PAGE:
12. The next class which it is claimed was arbitrarily exempted are the producers of livestock. Of course, the legislature in exempting this class took into consideration the extent to which this privilege is exercised, as well as other circumstances and the conditions. The livestock industry is one of the leading industries of the state, and we must assume that the legislature well knew that, except in rare instances, the livestock grower transports his product to market in large numbers and by railway. Distances are great in Nevada, and to contemplate the transporting of large quantities of livestock by motor vehicles once or twice a year would necessitate an undue investment in such vehicles for such rare use. Occasionally it may be desirable to transport a blooded bull by truck, or to use a truck to convey an animal to a nearby neighbor or butcher. In view of the conditions and customs of the ranchers, known to the legislature, we think the exemption not unreasonable or arbitrary. The exemption of this class by the Kansas act, in which state the conditions are far less favorable to the exemption, was upheld by the supreme court of the United States in Continental Baking Co. v. Woodring, supra.
13, 14. The next class which it is claimed was arbitrarily and unreasonably exempted from the operation of the act are those who transport to market their own produce. The contention as to this exemption and the exemption in favor of those who transport supplies for their own use in their own vehicles is without merit, as shown by the Continental Baking Co. case mentioned. The same may be said as to the exemption of motor vehicles used in transporting children to and from school.
15. The next class which it is claimed is arbitrarily and unreasonably exempted by the terms of the act is the equipment of highway contractors. We see nothing unreasonable or arbitrary in this exemption. Highway contractors contract with the state or counties, and the same reasoning justifies the exemption of motor vehicles engaged in transporting children to and from school. Furthermore, such contractors use the highways to a very limited extent, as such an outfit is often engaged on one contract for many months.
16. It is next contended that the legislature arbitrarily and unreasonably exempted motor vehicles engaged in the transportation of ores or minerals in the producer's own vehicles. The same reason is urged against this exemption as is urged to motor vehicles used by the producers of livestock and farm products. It is said, too, that such exemption constitutes discriminations within discriminations, and that no constitutional reason exists for limiting the weight of vehicles used by such producers.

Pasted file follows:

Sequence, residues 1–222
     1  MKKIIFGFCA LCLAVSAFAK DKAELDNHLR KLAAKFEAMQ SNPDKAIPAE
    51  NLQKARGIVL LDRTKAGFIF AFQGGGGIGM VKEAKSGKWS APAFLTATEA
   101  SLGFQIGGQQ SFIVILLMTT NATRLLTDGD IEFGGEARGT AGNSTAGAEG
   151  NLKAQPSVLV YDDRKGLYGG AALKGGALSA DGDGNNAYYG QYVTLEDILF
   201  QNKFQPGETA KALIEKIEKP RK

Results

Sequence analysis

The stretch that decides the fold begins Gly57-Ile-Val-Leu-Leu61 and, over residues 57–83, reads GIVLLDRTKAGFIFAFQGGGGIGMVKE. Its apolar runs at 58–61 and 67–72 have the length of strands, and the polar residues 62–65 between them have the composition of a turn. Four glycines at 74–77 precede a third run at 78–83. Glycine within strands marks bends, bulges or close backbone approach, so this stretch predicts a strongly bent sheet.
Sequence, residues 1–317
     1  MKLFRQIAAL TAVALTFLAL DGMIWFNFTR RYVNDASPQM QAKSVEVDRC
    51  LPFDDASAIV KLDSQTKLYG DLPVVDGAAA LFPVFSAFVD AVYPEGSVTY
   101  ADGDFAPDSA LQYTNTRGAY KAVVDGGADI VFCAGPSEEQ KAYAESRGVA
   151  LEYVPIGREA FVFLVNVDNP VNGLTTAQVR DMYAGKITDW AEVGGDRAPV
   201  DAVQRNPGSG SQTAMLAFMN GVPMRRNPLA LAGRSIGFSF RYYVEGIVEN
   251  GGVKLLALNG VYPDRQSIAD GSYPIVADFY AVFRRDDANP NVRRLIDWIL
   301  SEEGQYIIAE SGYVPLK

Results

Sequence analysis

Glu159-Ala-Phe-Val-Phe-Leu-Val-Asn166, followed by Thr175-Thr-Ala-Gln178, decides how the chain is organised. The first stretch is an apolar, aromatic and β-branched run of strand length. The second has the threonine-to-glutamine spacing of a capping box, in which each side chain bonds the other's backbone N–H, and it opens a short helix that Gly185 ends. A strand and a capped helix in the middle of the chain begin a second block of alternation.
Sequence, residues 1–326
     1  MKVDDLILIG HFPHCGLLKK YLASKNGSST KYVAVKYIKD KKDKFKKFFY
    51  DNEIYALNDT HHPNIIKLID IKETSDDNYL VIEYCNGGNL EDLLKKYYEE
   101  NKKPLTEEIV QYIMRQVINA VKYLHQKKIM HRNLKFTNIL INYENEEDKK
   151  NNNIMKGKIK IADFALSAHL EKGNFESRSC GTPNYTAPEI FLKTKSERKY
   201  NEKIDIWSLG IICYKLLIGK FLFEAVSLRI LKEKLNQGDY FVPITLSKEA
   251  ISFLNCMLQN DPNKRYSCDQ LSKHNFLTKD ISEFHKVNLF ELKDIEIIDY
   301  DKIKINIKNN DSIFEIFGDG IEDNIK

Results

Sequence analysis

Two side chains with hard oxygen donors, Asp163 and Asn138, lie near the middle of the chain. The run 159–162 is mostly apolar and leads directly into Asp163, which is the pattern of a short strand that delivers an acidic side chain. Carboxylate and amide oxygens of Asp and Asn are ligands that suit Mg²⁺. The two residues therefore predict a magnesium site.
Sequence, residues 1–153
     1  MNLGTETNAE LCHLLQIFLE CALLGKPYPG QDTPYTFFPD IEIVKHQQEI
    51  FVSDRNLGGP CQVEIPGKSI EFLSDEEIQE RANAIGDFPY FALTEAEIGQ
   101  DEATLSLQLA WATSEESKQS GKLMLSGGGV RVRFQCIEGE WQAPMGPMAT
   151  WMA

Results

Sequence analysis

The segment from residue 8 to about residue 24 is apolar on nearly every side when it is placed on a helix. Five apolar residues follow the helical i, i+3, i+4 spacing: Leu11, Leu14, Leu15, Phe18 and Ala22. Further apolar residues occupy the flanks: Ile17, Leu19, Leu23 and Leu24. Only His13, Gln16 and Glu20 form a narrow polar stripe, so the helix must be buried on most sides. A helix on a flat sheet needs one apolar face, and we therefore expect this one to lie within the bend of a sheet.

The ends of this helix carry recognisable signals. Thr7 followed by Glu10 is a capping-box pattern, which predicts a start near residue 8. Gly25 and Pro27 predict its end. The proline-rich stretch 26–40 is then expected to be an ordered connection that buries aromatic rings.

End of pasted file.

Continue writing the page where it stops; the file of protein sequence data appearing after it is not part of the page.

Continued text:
As pointed out in the case of Goldfield Con. M. T. Co. v. Old Sandstorm Annex G.M. Co., 38 Nev. 426, 150 P. 313, mining is the paramount interest in this state. While it has been declared the paramount interest by the legislature, and is favored in every way, as a matter of public policy, and has been for many years a source of revenue to the state, during the period generally known as the "depression" but what might more accurately be called the "Gorge of Gloom," the revenue to the state from mining has been almost entirely wiped out. In view of this well-known fact and the further fact that mills are generally erected near the mines, for treating the ores, and that the public highways are used to but a very limited extent for the transportation of ores, we cannot say that the exemption is either unreasonable or arbitrary. We think nothing more need be said in this connection.
17. As to the contention as to the exemption of the operator in transporting his mining supplies, much of what we have just said applies. Mines, as a rule, are not found on public highways, but in the mountain recesses, except where the town grows up around the mines, and public highways are traversed to a very limited extent in reaching them. The contention in this connection, as in some others, only serves to indicate the extremity to which petitioner, and those back of him, who are interested in the success of his cause, are driven.
18. The next class which it is claimed is arbitrarily and unreasonably exempted are privately owned trucks in personal services, limited to an unladened weight of 5,000 pounds. This class of vehicles is not used on the public highways as a place of business, and are operated thereon but little, as compared to those who use the public highways in a gainful occupation. Such an exemption was upheld in Carley Hamilton v. Snook, 281 U.S. 66, 50 S.Ct. 204, 206, 74 L.Ed. 704, 68 A.L.R. 194, where the court said: "Only a word need be said of petitioner's contention that the exemption of all vehicles weighing less than 3,000 pounds, although their loaded weight may be much more than vehicles not exempt, infringes the equal protection clause of the fourteenth amendment and the similar section 21 of article 1 of the state Constitution. That the legislature may graduate the fees according to the propensities of the vehicles to injure or to destroy the public highways, and may exempt those with respect to which this tendency is slight or nonexistent, cannot be doubted. We may not assume that vehicles weighing less than 3,000 pounds, with loads which they usually carry, are not of this class, or that vehicles weighing more than 3,000 pounds with their accustomed burden added do not have this tendency."